A Canadian woman at a walk-in clinic on Sunday demanded that her son be treated by a "white doctor," launching into a rant that was captured on video as others in the waiting room accused her of being "extremely rude and racist."
"Can I see a doctor please that's white, that doesn't have brown teeth, that speaks English?" the woman said in the video captured at the Rapid Access to Medical Specialists clinic in Mississauga, Ontario.
"You're telling me there's not one white doctor in this whole entire building?" she said to clinic staffers who told her that she would have to wait a few hours if she wanted to see a pediatrician who is white. "There's nobody that's Canadian? Nobody that was born here?" the woman added.
The woman, who has not been publicly identified, claimed that a previous doctor could not understand her and did not properly treat her son, who was suffering from chest pains. "He was not speaking English. His teeth were brown. I do not need his help," she said.
The video shows witnesses in the waiting room confronting the woman, accusing her of setting a poor example for her son and telling her to seek medical treatment elsewhere.
"Seeing it so openly, without any fear, in front of so many people, without even fearing that someone can report her – it was really shocking," Hitesh Bhardwaj, who recorded the video, told CTV Toronto.
Local police said a caller reported a woman "being verbally aggressive" while demanding a "white doctor" at the clinic on Sunday afternoon. An officer responded to the scene, but "found that no criminal offence has been committed or was in the process of being committed," Constable Mark Fischer told CTV Toronto.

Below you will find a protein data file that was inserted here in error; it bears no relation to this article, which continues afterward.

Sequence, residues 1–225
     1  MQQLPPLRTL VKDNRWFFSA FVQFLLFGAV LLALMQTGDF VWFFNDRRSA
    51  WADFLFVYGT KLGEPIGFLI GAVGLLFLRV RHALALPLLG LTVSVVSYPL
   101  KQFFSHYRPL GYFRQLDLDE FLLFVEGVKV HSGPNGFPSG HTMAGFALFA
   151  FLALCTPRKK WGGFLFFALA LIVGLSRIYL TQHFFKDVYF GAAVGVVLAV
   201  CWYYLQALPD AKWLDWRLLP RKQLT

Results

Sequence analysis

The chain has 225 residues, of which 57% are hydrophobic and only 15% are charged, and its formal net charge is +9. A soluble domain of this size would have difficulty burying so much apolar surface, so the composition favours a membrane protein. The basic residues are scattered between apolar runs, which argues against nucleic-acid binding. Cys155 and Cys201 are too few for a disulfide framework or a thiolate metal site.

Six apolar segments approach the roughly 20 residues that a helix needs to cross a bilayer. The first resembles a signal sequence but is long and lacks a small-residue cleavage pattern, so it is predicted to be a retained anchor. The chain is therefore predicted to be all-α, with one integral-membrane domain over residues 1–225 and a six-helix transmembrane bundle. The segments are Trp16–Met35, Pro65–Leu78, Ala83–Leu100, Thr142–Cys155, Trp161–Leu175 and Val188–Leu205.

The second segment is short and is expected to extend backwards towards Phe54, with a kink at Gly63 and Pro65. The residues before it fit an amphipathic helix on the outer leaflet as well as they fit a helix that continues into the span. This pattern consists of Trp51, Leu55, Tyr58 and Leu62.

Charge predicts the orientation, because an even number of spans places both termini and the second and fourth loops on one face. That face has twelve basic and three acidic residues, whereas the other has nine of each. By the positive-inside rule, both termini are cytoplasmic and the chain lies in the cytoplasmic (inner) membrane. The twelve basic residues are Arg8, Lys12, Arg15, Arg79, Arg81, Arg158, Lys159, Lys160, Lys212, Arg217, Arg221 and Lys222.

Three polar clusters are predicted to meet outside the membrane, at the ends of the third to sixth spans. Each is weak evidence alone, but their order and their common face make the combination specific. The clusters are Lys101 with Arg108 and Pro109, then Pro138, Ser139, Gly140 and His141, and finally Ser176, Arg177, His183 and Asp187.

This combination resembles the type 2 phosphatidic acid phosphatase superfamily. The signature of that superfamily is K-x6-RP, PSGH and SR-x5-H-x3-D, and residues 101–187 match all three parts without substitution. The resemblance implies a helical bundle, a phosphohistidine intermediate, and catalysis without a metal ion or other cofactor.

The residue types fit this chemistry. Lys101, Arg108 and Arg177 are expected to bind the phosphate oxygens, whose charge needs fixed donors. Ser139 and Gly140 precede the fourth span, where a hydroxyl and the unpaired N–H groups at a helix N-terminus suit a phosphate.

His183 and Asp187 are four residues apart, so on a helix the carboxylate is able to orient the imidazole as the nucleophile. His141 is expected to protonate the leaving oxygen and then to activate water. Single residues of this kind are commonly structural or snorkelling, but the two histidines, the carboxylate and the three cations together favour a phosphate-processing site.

"The clinic is proud of the quality of medical care provided at this clinic," Rapid Access to Medical Specialists said in a statement posted at the facility, declining further comment.
Ontario Premier Kathleen Wynne spoke out about the incident on Tuesday, calling it a "shocking occurrence."
"I think we all should be shocked. If we're not shocked, then that's a real problem," Wynne said. "We have to be vigilant. You know, I think sometimes we make assumptions about how far we have come in terms of being an inclusive society."
"When one of these things happens, I think we have to step back and say, 'OK, what is going on? Why has this happened? Where is the permission coming from for such behavior?'" she added. "There were children in that office who were hearing that behavior, and it was very, very disturbing."